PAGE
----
Boating On Lough Ree (For Máirín)
John Keegan Casey (1816-1849), From 'Amatory Poems'.
Guitar and Harmonica: Garry O'Briain
Mary Hanley came from The Black Island off Lough Ree on the River Shannon. John Keegan Casey was teaching in Newtowncashel, County Longford when he was eighteeen years and went boating every Sunday with the Costello family. On one of these outings he met and fell in love with Mary. The love affair was short-lived, however, as Mary was drowned in a boating accident on the lake and the poet penned this gentle lament. My thanks to Áine Meenaghan, Maighréad Casey and Michael Casey.
I am now sad and lonely all in the distant west.
The happy scenes of bygone days at night disturb my rest.
For in this faithful heart of mine forgotten it never can be,
Those days I spent with my Mary Bán a-boating on Lough Ree.
she was young and so beautiful, she was gentle as a fawn.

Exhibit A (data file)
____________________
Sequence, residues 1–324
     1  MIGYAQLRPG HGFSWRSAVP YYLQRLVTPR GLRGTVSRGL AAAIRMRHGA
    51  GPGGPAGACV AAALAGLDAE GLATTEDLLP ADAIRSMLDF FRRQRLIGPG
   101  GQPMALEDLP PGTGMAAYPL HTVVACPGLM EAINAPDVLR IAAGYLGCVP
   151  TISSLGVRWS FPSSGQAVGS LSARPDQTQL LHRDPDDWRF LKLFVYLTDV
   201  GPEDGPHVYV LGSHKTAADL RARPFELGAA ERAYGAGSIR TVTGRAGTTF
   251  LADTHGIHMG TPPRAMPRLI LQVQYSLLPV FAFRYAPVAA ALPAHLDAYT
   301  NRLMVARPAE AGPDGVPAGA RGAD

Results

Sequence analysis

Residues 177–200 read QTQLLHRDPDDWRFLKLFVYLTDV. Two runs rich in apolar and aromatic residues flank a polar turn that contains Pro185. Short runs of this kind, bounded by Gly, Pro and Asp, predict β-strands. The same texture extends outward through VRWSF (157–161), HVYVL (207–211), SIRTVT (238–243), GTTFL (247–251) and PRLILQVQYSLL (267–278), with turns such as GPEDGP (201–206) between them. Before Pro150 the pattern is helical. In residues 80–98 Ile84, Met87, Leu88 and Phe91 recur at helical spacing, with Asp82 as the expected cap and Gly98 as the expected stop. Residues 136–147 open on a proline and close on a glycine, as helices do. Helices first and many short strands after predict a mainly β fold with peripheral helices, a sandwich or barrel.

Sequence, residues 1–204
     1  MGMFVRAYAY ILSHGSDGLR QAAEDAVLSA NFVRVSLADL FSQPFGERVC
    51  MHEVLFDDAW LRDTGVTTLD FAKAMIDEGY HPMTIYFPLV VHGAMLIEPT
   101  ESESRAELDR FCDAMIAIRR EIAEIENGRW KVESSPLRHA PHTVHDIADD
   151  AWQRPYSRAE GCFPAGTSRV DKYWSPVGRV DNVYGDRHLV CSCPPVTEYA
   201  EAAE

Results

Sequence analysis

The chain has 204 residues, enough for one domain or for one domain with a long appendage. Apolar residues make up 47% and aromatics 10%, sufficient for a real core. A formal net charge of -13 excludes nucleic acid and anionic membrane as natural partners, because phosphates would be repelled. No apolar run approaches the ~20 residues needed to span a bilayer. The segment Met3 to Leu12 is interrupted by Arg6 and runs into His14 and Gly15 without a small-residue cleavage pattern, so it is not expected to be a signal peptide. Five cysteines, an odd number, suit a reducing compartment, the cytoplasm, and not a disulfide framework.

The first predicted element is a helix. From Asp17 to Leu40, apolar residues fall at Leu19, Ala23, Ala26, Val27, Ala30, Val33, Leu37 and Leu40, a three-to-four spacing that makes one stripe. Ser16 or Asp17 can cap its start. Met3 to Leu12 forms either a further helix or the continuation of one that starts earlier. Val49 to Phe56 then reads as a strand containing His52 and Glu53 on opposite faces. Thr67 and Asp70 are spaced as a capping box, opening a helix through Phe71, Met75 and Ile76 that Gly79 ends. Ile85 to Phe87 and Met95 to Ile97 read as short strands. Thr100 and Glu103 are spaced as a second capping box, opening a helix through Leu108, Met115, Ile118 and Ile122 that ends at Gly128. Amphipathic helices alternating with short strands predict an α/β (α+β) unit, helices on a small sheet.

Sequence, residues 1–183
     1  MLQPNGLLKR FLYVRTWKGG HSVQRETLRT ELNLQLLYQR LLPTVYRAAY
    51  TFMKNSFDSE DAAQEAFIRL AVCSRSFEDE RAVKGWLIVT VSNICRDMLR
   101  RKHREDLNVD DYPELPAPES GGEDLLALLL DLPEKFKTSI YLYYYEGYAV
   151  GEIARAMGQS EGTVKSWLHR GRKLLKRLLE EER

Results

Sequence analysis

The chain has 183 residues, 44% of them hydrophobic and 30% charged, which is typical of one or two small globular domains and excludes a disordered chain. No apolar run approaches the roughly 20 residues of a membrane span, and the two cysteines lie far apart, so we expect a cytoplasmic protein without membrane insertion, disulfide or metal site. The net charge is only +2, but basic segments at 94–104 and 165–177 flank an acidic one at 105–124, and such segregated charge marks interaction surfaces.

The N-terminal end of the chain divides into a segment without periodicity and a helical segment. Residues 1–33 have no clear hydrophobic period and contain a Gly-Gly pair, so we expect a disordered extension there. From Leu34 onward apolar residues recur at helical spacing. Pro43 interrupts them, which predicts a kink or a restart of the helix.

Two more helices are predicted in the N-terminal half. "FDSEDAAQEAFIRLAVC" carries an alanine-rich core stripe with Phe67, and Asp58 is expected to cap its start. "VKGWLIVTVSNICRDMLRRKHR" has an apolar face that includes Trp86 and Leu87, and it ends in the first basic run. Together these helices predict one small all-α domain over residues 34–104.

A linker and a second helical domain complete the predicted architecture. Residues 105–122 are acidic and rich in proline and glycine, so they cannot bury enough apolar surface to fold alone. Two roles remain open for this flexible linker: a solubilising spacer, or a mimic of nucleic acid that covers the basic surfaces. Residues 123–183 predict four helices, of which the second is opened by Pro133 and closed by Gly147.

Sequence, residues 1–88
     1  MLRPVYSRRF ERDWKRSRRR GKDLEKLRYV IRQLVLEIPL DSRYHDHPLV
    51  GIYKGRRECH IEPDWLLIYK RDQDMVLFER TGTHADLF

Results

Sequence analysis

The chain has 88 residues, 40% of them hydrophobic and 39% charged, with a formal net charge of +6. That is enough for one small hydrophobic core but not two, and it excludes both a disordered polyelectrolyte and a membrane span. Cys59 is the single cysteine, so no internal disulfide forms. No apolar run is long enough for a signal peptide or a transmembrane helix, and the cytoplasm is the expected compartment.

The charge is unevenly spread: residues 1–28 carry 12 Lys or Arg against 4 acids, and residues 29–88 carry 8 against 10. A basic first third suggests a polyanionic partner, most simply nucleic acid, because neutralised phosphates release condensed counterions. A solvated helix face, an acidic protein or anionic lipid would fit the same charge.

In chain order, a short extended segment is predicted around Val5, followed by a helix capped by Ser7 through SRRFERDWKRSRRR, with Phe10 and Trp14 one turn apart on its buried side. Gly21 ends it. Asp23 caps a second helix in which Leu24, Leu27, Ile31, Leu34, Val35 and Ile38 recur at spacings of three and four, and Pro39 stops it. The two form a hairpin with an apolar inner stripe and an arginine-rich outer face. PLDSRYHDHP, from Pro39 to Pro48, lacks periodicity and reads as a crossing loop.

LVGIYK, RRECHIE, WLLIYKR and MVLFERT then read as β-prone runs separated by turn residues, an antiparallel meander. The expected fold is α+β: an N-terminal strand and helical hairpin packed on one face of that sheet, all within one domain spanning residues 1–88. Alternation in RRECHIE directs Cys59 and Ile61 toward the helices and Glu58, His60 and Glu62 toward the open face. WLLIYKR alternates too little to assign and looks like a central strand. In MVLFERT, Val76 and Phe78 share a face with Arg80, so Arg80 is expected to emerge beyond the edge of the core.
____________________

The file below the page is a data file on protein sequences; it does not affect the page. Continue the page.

Her eyes they shone like diamonds bright or the stars at early dawn.
Her smiles she had for everyone but her kisses were all for me,
And entranced I gazed on my Mary Bán a-boating on Lough Ree.
she pledged herself to be my bride, how happy then was I.
How dulcet were the joys of love how quickly they flew by.
But Heaven's own light shone in her eyes she was too good for me
And an angel claimed her for his own and he took her from Lough Ree.
have crossed through many's the thorny path my hair's a silvery hue.
Yet her thrilling voice speaks to my heart in tones I can't subdue.
Her comely form still haunts my mind her pleasing face I see,
It's the blushing face of Mary Bán a-boating on Lough Ree.
it leaves me sad and so lonely now in this far distant west.
The happy scenes of bygone days at night disturb my rest;
For in this faithful heart of mine forgotten it never can be
The days I spent with my Mary Bán a- boating on Lough